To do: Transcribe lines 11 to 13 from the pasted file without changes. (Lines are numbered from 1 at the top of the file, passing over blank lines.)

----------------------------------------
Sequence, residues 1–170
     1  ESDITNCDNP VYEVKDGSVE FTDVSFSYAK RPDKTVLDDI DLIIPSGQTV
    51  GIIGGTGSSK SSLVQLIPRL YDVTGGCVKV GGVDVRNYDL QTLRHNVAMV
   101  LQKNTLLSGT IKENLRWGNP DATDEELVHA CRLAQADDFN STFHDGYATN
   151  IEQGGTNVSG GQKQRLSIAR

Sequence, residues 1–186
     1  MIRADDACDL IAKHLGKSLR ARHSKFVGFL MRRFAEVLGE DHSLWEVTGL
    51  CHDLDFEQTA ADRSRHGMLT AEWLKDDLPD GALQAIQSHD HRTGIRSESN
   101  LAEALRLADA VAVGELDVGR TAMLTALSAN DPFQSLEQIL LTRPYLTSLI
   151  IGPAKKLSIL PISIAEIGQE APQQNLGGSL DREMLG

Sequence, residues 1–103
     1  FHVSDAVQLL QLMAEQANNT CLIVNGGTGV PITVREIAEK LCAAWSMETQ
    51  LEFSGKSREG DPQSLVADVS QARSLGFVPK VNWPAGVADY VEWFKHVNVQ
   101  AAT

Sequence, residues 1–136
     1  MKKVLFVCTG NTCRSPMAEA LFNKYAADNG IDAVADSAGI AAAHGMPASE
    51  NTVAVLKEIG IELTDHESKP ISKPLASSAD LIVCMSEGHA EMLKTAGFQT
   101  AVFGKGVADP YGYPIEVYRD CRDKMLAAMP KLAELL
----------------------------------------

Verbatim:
Sequence, residues 1–103
     1  FHVSDAVQLL QLMAEQANNT CLIVNGGTGV PITVREIAEK LCAAWSMETQ
    51  LEFSGKSREG DPQSLVADVS QARSLGFVPK VNWPAGVADY VEWFKHVNVQ